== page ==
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News Releases


For Immediate Release


Bob Biersack

September 12, 2008

Mary Brandenberger



FEC Completes Action on Three Enforcement Cases

WASHINGTON – The Federal Election Commission (FEC/the Commission) today announced final action in three enforcement cases. Detailed information on all FEC enforcement actions is available through the Enforcement Query System at

Paul Aronsohn for Congress and Paul Aronsohn acknowledge violation of "testing-the-waters" provisions

In MUR 5693, Paul Aronsohn for Congress, the principal campaign committee for Paul Aronsohn's 2006 campaign in New Jersey's 5th Congressional district, and Mr. Aronsohn entered into a conciliation agreement with the FEC regarding violations of reporting requirements in the Federal Election Campaign Act (FECA). During 2005 Paul Aronsohn’s activities crossed the line from testing the waters into candidate status when he sent a solicitation letter indicating he had decided to run for federal office. However, Mr. Aronsohn and his campaign committee failed to register with the FEC and file a year-end financial report in 2005, as required by the FECA. In the conciliation agreement Mr. Aronsohn and the committee agreed to pay a civil penalty of $6,500.

Commission finds multiple violations by James Toledano, James M. Prince and Prince for Congress and Debra Lee and Paul LaPrade

In MURs 4652 and 4389, the FEC found that while James Toledano was chairman of the Orange County California Democratic Central Committee he accepted $10,000 from Debra Lee LaPrade (the sister of James M. Prince) and Paul LaPrade with the understanding that the funds would be used to support the Prince campaign for the Democratic nomination in the 46th Congressional district in 1996. Campaign finance law at the time allowed candidate committees to accept $1,000 per election per individual donor. As such, the donations from the LaPrades were considered excessive contributions to the Prince campaign. Mr. Toledano failed to deposit these funds in the Orange County Democratic party account and used them for a mailer that advocated Prince's election. Neither the receipt of the funds nor the spending was included in committee reports to the FEC. In separate conciliation agreements, the LaPrades paid a $4,200 civil penalty and Prince for Congress paid a $5,400 penalty.

The Commission filed suit against James Toledano in 2000. On May 3, 2001, the U.S. District Court for the Central District of California granted the Commission's request for summary judgment, ruling that James Toledano violated 2 U.S.C. §432(b)(2) by failing to forward contributions properly to the committee treasurer. On September 27, 2001, Mr. Toledano appealed this case to the U.S. Court of Appeals for the Ninth Circuit. On November 7, 2002, the U.S. Court of Appeals for the Ninth Circuit affirmed the decision of the U.S. District Court for the Central District of California, granting the Commission summary judgment and imposing a $7,500 fine against Mr. Toledano. The appeals court also ordered Mr. Toledano to pay the Commission's attorneys’ fees on this appeal as a sanction for his "bad-faith conduct and abuse of the judicial process."

2004 New Hampshire Senate campaign and campaign manager penalized for receipt of impermissible funds, diverting campaign funds to personal use and reporting violations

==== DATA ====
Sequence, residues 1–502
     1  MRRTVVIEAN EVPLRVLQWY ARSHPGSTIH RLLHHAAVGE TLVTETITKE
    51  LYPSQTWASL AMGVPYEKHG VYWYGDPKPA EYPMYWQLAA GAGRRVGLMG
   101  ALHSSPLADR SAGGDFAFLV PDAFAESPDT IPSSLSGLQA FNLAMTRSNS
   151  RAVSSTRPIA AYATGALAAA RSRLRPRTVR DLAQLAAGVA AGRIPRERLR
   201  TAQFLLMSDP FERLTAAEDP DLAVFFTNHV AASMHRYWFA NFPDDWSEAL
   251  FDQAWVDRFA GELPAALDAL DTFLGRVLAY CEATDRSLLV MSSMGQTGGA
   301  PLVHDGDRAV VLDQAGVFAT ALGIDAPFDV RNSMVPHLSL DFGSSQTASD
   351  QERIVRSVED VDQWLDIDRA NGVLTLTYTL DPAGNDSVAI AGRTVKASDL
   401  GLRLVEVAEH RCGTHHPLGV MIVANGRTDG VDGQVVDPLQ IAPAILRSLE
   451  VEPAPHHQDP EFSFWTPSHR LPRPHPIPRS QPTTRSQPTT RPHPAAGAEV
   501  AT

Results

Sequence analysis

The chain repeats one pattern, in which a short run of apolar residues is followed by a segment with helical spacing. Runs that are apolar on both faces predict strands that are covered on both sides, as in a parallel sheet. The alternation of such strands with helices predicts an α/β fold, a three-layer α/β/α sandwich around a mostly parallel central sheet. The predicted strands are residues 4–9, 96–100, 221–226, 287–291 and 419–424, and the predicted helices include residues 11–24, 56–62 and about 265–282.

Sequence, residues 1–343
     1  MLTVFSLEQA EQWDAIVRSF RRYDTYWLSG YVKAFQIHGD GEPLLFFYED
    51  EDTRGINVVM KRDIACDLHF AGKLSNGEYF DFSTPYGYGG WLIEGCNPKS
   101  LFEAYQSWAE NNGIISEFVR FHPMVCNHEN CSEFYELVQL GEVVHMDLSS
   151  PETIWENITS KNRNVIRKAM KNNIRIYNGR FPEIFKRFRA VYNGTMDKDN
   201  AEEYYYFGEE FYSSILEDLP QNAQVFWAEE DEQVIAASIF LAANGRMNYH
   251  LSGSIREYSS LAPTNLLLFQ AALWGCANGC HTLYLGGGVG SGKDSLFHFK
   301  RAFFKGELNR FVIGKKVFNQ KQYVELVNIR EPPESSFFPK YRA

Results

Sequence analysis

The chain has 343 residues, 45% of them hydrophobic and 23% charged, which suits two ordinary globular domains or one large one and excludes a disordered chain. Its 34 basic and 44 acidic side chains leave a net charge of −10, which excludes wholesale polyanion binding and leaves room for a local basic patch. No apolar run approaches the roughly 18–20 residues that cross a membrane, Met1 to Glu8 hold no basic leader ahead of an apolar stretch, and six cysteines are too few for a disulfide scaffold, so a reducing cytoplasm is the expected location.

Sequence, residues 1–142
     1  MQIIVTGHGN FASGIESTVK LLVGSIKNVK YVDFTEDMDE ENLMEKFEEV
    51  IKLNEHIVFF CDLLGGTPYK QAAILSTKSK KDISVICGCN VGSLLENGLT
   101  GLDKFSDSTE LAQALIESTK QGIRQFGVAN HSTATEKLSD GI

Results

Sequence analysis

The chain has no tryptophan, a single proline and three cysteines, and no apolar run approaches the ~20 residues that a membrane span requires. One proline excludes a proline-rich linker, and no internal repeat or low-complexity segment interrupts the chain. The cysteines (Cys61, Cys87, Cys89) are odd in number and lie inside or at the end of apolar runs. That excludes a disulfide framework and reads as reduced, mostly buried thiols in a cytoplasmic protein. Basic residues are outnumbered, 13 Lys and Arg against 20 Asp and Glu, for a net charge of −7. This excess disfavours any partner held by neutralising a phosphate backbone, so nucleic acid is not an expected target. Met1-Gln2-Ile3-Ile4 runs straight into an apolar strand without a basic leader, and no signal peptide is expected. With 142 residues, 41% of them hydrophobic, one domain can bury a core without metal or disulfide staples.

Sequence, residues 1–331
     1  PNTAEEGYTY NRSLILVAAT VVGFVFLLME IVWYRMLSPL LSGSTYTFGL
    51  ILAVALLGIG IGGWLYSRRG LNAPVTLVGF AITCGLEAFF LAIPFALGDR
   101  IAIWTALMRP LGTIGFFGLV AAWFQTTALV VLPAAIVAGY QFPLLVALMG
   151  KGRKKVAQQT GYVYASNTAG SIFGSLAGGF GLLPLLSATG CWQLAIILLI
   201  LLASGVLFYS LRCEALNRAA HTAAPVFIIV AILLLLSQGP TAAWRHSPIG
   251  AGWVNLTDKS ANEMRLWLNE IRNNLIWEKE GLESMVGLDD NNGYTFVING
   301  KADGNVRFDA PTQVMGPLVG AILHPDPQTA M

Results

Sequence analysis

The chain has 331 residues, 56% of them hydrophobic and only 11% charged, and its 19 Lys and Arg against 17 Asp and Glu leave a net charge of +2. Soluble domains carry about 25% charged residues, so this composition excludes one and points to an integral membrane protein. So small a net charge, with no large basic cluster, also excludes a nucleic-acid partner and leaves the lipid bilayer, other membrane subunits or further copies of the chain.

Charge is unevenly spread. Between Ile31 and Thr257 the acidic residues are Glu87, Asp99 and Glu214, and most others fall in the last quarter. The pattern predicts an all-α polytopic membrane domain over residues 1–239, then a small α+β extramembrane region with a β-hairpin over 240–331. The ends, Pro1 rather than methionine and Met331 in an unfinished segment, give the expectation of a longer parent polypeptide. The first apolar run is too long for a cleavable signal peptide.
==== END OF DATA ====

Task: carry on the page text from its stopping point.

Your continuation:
In MUR 5646, the FEC entered into conciliation agreements with Jesse Burchfield, Cohen for New Hampshire, and John Buchalski in his official capacity as the committee treasurer, and Burton Cohen. The agreements state that while Mr. Burchfield was de-facto manager of Mr. Cohen's campaign for the U.S. Senate, Burchfield knowingly and willfully falsified information on the campaigns reports to the FEC and converted campaign funds to his own personal use. In November 2005, Mr. Burchfield pled guilty in U.S. District Court to one count of filing false statements and was later sentenced to one year of probation and six months of home confinement. In the FEC matter, Burchfield agreed to pay a civil penalty of $1,500 in light of his poor financial condition and is prohibited from working or volunteering in any federal political committee in a capacity that involves fundraising or handling finances for a period of ten years.

The FEC also found that Burton Cohen worked with Jesse Burchfield to use funds raised for a state campaign to initiate the Senate campaign in violation of FECA and failed to disclose that activity.In a separate agreement, Mr. Cohen agreed to pay a civil penalty of $9,000. Cohen for New Hampshire also violated the FECA by accepting undisclosed impermissible funds from the state campaign account and using them in the Senate campaign.The Committee agreed to pay a civil penalty of $10,000 for failing to keep accurate records and file accurate reports of receipts and disbursements, among other violations.

Under the law, the FEC must attempt to resolve its enforcement cases, or Matters Under Review (MURs), through a confidential investigative process that may lead to a negotiated conciliation agreement between the Commission and the individual or group the Commission determines has violated the law.  Additional information regarding MURs can be found on the FEC web site at

This release contains only summary information.  For additional details, please consult publicly available documents for each case in the Enforcement Query System (EQS) on the FEC web site at

The Federal Election Commission (FEC) is an independent regulatory agency that administers and enforces federal campaign finance laws. The FEC has jurisdiction over the financing of campaigns for the U.S. House, the U.S. Senate, the Presidency and the Vice Presidency. Established in 1975, the FEC is composed of six Commissioners who are nominated by the President and confirmed by the U.S. Senate.

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